Life hasn’t returned to normal since the start of the COVID-19 pandemic, and the demands of parenting keep shifting during these complicated times. Supporting students who are returning to school requires a bit of adjustment, especially when added to balancing an already demanding professional life. Here’s a look at how some Robert Half employees are managing this challenging task:
“Oh, wow, where do I begin?” asked Marisa Ellis, regional manager and 15-year veteran at Robert Half, who has two children, Charlotte, 8, and Kennedy, 4. “Now, that the children have returned to school, my husband and I stagger drop-offs and pick-ups. Clubs and after-school activities have been eliminated, so we figure out in advance which meetings to attend or skip, and find activities that each child can do between 2:30 and 5:30 p.m. We are definitely surviving, but it doesn’t always feel like thriving.”
Nina Moore, product manager for digital workplace CONNECT management, has four children. Marina, 13, Sarah, 10, and her twins Gavin and Aiden, 7, each have different and competing schedules, needs and technology challenges. “We had to upgrade our Wi-Fi with six people working from home,” Moore said. “There were a lot of tears around dropped calls; then the Wi-Fi wouldn’t work with the school laptops – we’re still sorting that out.”
“Everyone was scrambling to figure out what we were doing at first,” said regional manager Jim Jeffers, who’s been with Robert Half for five years and is the father of Aubrey, 7, and Amelia, 4. “Then we had to teach our two girls at home, and my wife and I both work; it was a difficult time for us.”
Planning schedules in advance has become central to those juggling disruptions. District director Megan Slabinski, a 21-year Robert Half employee and mother to Henry, 11, and Carter, 8, agrees. “I use 6 to 7 a.m. to answer emails. I can then block off lunch to help the kids with technical issues, make everyone something to eat and take a short walk to get our bodies moving,” she said. “We also block time for family dinner, games or watching a show together, rather than everyone disappearing to their rooms with their own devices.”
"My day always evolves into something different; however, I try to keep a consistent schedule around work, school and mealtimes," recruiting manager Erica Thomas of Robert Half Technology said. This 6-year employee and mother of three — Lucas, 15, Will, 4, and Rico, 5 months — splits the day and her family responsibilities with her husband to meet her clients' and candidates' needs. "For example, when I schedule interviews, I offer either 11 a.m. or 2 p.m., because I know my husband is available to help or the kids are napping. That gives me more flexibility to do my recruiting, emails, log activities and planning."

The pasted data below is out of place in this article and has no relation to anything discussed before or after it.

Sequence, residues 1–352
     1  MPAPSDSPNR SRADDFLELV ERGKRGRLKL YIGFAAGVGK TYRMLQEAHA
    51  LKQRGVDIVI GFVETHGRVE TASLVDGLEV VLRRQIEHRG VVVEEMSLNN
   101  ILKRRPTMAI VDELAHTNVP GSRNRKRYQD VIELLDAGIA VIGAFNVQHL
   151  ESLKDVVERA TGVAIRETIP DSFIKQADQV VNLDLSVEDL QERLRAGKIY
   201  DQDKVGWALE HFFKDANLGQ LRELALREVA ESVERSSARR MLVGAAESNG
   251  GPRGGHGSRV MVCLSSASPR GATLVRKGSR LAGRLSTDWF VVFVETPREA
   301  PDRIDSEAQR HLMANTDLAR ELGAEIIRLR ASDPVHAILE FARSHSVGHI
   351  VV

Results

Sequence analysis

Pin Zook, HR program manager and mother of two, Bryce, 7, and Colton, 3, and Muneet Chohan, manager of talent acquisition and mom to 4-and-a-half-year-old twins Zaver and Avani, also find evenings to be productive times for catching up or working on larger projects. "Outside of our daily schedule, I find myself more productive when the kids are in bed," Zook said.
"Once the kids are in bed, I use that time for any work that doesn't require real-time responses," Chohan added. However, she emphasized that with preschool back open and her parents available to help when the kids aren't in school, things are feeling closer to normal.
Creating positive solutions
One small change that’s helped Slabinski has been giving the kids ownership during this challenging time. “We’ve set up an ‘anytime’ snack shelf where they can help themselves without asking; established a chore chart, so they can take on increased family responsibilities; and purchased more puzzles, games and Legos to help mitigate screen time. This has boosted their confidence and mood.”
Regular check-ins are also important.
“We focus on the positives,” pointed out Ellis. “How we’ve worked together that day and what we’ve learned, and we talk daily about kindness.”
“It’s important that the kids know it’s OK to be anxious and uncertain,” Moore said. “How we handle these feelings and situations is what’s important. We try to stay positive and discuss the importance of respect, self-accountability and our emotional well-being. I’m also very happy to be present in their lives and share in their learning, play and the funny incidents that happen during the day.”
“We talk about patience constantly,” echoed Slabinski. “Having patience with yourself, your teachers and your parents. We also acknowledge our sadness: missing friends, activities and the freedom of leaving the house. At dinner, we share our ‘roses and thorns’ from the day. It always surprises me when someone’s ‘rose’ was getting a hug from mom at lunch time — something they don’t get at school.”